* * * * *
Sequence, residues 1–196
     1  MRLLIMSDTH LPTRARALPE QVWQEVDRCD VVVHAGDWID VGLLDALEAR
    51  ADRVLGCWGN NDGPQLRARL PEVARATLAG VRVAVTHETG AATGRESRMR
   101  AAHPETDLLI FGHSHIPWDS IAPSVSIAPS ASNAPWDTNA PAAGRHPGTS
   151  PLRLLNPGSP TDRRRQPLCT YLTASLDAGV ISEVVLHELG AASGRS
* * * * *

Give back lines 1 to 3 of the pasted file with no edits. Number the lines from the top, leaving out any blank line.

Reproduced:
Sequence, residues 1–196
     1  MRLLIMSDTH LPTRARALPE QVWQEVDRCD VVVHAGDWID VGLLDALEAR
    51  ADRVLGCWGN NDGPQLRARL PEVARATLAG VRVAVTHETG AATGRESRMR